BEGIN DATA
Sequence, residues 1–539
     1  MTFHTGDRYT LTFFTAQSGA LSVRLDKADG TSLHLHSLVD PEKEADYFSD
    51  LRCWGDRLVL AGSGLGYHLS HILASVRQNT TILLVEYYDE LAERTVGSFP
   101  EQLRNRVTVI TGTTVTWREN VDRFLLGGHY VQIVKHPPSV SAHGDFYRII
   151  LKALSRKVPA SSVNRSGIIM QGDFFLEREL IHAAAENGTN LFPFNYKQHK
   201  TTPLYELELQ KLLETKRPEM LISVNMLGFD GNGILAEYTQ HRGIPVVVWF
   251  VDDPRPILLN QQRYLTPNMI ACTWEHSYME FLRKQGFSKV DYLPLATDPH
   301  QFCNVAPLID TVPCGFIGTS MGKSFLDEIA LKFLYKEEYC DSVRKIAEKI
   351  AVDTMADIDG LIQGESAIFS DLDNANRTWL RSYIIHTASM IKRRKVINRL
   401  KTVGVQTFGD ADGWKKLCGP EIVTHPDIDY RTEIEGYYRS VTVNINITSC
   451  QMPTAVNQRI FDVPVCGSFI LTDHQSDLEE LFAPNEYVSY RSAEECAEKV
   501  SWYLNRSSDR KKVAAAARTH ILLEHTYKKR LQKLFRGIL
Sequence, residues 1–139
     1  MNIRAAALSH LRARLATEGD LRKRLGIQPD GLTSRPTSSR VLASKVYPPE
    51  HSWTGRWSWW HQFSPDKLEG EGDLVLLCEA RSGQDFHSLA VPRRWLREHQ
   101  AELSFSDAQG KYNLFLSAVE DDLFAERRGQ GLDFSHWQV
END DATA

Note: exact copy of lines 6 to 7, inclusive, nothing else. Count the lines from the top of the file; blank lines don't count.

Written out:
   201  TTPLYELELQ KLLETKRPEM LISVNMLGFD GNGILAEYTQ HRGIPVVVWF
   251  VDDPRPILLN QQRYLTPNMI ACTWEHSYME FLRKQGFSKV DYLPLATDPH